What the heck has happened to the Kentucky Derby? The Run for the Roses? My Old Kentucky Home? Where are those folks that prayed over a blue grass field on a cold January day as a new foal tested its legs on the winter hard ground? A smile of understanding on their faces as legs new to this world found their strength and gave flight to the babe across grasses green. Where are those who live and breathe the scent of fresh pine shavings and horse sweat as the summer heat swelters in across the pastures? They struggle, they budget and they do without, yet they embrace the passion of something deeply encoded in their DNA and keep going even though the odds are long. All I’ve seen today is some sort of detached Red Carpet Gala. Who’s wearing who’s what and who’s with who. Where are those who mucked the stalls and mowed the fields, cutting back here and there in hopes that young colt they’d been raising could run for greatness? But Oh look Boink Boink has on Givenchy!
Well to be honest I’ll tell you where they are, or to be more correct where we are. We’ll be the tired lady who’s pulled a 60 hour week in a world we detest, but the one who does it with a smile because it allows us to be here. No not sipping champagne and hoping to be the next viral hashtag of the moment. But here, here in the seedy sale barns and desolate kill pens that are located all over this land. We won’t be dining on Lobster or winking at Billionaires. We will be cracking that ninety nine cent can of Vienna Sausages and watching the kill buyer. Yes, if we’ve got to wink, we might and yes, if we’ve got to do more, well, we may. But somewhere this side of a Lady on TV with more names than a Hanoverian Warmblood Stud who’s telling us the pedigree of her billion dollar bet. We will be the ones with our hearts caught in our throats as a beat up, half-starved relative of Hanoverian ladies billion dollar bet stumbles into the auction lot. We will hope and pray. Sometimes we’ll remember the payday loan place we passed a while back, add, subtract and calculate that we’ll have the money the pull the beaten soul from this hell. Somewhere in the back ground we’ll hear the semis rumble as they fire their engines and get ready for long, cold, waterless, hungry, journey to the north. We will smell the diesel, our blood will run cold. A journey that will carry the beat up, half-starved gray filly a relative of the fancy ladies bet, north to have a bolt shot through her head. Dead or not even quite, she’ll be chopped, minced and packed. Brilliant eyes will shine no longer, a gallant heart will beat no more and hooves will never again find their flight across the grassy green earth. But oh look, Edna Farquar Mills Helms Rosenburg Jones is wearing a daringly short skirt at age 78. Who’s it by?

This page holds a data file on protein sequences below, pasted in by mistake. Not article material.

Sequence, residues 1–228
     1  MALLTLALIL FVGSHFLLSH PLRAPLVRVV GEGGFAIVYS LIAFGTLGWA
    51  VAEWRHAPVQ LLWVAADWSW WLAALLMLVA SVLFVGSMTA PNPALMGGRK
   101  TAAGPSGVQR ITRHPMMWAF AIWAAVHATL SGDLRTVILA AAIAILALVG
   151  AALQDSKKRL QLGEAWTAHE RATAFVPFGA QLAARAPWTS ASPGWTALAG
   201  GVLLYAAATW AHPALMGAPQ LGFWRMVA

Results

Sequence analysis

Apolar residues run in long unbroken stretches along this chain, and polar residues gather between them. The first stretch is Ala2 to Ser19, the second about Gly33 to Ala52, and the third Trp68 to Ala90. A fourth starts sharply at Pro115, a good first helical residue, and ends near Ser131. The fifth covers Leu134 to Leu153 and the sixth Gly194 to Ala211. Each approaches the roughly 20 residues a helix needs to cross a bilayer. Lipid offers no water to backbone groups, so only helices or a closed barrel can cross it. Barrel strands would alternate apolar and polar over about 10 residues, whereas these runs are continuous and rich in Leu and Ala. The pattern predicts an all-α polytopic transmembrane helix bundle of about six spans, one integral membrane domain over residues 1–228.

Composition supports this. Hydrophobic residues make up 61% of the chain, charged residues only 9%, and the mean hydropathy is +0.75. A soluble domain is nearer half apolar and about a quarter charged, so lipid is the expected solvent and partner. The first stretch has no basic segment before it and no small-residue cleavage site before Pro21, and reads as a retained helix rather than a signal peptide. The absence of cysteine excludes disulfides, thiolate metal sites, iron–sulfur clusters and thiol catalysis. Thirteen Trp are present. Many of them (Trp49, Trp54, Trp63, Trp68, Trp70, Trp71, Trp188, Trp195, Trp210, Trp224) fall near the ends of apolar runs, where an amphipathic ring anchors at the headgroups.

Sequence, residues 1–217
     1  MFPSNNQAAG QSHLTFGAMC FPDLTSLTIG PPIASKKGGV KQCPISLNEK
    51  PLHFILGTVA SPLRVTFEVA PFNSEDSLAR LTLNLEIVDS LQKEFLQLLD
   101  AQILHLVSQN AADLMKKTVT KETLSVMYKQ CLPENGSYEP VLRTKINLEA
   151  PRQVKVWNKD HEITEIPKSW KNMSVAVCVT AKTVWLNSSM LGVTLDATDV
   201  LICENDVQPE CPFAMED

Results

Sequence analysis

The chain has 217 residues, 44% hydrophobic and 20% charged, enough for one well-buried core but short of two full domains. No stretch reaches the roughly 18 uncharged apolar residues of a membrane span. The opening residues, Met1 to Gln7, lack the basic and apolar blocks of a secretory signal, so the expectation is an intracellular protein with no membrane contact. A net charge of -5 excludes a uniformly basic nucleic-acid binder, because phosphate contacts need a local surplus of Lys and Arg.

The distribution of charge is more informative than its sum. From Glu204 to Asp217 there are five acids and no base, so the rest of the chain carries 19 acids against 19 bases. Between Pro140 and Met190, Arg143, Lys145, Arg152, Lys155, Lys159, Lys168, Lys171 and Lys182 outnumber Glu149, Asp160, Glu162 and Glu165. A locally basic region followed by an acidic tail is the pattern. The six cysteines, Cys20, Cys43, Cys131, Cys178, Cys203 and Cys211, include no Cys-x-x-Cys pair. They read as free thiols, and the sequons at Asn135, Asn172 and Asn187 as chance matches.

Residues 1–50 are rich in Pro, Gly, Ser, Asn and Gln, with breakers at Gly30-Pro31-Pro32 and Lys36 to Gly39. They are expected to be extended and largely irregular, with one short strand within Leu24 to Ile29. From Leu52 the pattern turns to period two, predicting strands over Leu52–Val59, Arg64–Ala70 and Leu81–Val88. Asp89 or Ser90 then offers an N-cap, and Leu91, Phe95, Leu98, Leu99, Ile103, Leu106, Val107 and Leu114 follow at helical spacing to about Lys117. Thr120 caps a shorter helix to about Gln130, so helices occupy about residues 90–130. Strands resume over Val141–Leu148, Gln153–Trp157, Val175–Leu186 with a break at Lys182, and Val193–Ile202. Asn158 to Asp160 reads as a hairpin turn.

The winds will blow, the kill buyers will shout and the scared filly will run up and down a 20 ft lot. Miles away surrounded in glory and grandeur a well attired man will smile to himself as he places his money on a colt. More money than the lady in sale barn has ever known. He does it simply because he likes the dam’s name. The same dam that gave life and nurture to the terrified filly now shuddering under the vicious crack of the sellers whip as she runs back and forth with nowhere to go. The well attired man sends a text to his well-heeled buddies to take the gamble on the colt upon which he’s laid his thousands. At the same moment the tired lady places a post on Facebook to her friends begging for money, if she just had enough she can save the gallant gray filly. The filly, it’s in her eyes, she has fire, and she deserves a chance. The whip cracks again and the scared filly runs.